Read the other articles in this series:
To love that well, which thou must leave ‘ere long: my first and worst lesson in pet loss
Starting with pet loss—before the loss: begin preparing yourself for loss by being proactive about care and providing palliative care yourself at home
Options for “After Care”, featuring Chartiers Custom Pet Cremation: aftercare, and a profile of a business and a person I find exceptional, and exceptionally comforting
Heal Your Heart After Pet Loss, a Remarkable CD and Guidebook: your grieving process, and a very special CD and guidebook for those times when you need a comforting voice
Turning Loss into Creativity with Ingrid King and Buckley’s Story: how grief can become the catalyst for change, turning grief into a creative effort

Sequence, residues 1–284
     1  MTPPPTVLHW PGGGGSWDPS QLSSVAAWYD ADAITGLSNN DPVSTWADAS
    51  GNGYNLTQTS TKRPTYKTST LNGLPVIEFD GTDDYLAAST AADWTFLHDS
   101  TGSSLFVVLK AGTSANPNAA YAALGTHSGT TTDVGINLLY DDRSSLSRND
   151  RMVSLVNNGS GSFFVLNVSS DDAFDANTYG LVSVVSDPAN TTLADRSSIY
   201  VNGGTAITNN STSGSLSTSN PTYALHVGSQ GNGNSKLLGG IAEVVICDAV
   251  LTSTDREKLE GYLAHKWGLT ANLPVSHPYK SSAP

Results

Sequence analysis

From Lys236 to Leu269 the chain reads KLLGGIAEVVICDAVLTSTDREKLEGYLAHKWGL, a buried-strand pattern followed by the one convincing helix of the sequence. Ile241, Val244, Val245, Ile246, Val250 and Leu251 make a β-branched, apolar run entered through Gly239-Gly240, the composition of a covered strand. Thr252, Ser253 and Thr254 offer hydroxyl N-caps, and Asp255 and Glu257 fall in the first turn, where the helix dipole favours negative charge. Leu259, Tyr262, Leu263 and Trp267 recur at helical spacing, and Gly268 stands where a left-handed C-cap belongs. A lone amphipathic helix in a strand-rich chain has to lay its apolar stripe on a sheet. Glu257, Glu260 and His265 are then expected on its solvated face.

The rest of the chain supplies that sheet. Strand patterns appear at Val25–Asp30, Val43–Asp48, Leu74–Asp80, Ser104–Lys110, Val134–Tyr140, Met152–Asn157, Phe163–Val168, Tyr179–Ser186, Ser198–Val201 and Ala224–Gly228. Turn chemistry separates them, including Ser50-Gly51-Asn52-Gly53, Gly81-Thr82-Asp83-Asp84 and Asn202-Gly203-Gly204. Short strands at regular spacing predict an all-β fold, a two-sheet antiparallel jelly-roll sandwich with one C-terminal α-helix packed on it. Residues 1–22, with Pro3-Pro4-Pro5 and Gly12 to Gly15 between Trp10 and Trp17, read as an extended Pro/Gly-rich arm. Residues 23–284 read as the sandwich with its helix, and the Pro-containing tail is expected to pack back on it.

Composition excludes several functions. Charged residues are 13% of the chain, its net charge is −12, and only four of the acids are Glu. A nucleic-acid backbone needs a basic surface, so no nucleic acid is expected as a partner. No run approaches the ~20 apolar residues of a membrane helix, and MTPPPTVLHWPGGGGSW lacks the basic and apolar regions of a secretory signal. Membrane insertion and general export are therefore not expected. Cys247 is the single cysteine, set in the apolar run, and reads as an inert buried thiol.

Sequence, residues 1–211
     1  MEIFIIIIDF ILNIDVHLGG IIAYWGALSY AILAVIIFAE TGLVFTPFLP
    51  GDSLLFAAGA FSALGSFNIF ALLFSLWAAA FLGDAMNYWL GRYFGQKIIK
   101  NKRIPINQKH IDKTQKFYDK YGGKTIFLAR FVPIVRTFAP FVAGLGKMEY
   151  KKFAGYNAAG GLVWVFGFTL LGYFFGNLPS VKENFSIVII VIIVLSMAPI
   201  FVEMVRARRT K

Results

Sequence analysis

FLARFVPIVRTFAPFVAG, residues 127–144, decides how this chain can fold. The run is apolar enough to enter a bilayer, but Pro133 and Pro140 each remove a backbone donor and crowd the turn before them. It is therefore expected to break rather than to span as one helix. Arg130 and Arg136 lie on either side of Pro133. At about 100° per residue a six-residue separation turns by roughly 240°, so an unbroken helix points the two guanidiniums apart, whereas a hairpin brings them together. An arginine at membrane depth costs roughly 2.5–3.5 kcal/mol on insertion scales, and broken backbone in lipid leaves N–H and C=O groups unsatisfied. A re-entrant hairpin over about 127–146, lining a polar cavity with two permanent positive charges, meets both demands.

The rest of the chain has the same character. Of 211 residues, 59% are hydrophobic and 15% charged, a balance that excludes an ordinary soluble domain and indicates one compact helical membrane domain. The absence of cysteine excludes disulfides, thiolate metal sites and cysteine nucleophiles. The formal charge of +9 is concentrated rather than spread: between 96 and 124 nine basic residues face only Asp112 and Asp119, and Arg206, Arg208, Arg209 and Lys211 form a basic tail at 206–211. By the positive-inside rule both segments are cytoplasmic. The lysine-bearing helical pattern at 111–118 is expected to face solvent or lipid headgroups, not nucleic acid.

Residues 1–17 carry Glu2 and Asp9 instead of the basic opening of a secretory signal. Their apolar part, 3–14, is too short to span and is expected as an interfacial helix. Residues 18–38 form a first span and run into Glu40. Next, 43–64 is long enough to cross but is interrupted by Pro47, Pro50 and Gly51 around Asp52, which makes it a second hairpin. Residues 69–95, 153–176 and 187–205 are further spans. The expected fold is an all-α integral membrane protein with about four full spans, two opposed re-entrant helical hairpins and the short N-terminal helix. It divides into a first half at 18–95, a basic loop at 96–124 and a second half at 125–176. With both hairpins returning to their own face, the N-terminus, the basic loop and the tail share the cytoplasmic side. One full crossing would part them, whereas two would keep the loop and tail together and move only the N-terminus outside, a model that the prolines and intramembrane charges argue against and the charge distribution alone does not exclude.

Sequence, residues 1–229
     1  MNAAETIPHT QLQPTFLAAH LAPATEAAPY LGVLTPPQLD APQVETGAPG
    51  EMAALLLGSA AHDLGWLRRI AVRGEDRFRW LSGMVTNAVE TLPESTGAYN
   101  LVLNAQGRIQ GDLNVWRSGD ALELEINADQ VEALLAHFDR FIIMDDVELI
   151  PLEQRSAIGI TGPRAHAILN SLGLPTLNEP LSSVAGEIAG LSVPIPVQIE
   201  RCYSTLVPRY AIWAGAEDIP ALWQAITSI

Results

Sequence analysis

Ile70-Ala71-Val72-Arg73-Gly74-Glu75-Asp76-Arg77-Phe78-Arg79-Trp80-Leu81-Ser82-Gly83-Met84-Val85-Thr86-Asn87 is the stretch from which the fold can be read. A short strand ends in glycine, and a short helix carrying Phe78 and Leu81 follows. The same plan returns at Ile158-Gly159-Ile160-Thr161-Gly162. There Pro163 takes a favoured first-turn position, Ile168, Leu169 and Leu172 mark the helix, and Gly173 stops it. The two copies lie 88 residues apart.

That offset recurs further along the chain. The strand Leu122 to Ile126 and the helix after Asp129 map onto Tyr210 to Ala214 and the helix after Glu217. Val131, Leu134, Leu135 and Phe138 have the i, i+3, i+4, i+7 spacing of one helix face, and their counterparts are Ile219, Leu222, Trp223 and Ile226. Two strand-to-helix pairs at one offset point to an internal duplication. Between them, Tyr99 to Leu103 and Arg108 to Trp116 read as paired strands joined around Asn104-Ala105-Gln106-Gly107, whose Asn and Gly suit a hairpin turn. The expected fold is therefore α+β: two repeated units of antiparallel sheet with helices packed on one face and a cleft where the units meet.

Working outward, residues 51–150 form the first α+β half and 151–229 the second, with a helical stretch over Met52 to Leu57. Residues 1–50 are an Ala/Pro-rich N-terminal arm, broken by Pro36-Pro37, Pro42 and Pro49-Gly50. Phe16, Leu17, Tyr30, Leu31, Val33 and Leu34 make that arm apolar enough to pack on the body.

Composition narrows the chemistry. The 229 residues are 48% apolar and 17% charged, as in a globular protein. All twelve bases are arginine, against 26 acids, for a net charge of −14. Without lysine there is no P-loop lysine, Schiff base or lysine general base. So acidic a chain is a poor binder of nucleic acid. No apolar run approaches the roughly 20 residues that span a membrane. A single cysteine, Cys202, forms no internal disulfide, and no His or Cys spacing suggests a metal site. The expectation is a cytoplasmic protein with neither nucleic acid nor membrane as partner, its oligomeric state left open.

Pet Loss Support Information: ideas and resources for where to find comfort and support in your loss, including books about and inspired by the author’s personal experience
Pet Love and Pet Loss, and How it Gave Me My Art: my own experience turning multiple losses loss into multiple creative endeavors
About the images used in this post
With the exception of the cover image of Buckley’s Story and the photo of Ingrid King, all of the images used here are of my cats, my inspirations and muses. I sell prints and notecards of all of them. It’s one of the things that helps me with losing them, to know that their image goes out in the world and they are thereby, in a way, immortal. To see the art visit my website and look under “Fine Art and Portraiture” for the gallery, “My Cats“. Also look under “Photography” for the five galleries of “My Cats“. You can browse prints and notecards in my “Marketplace“.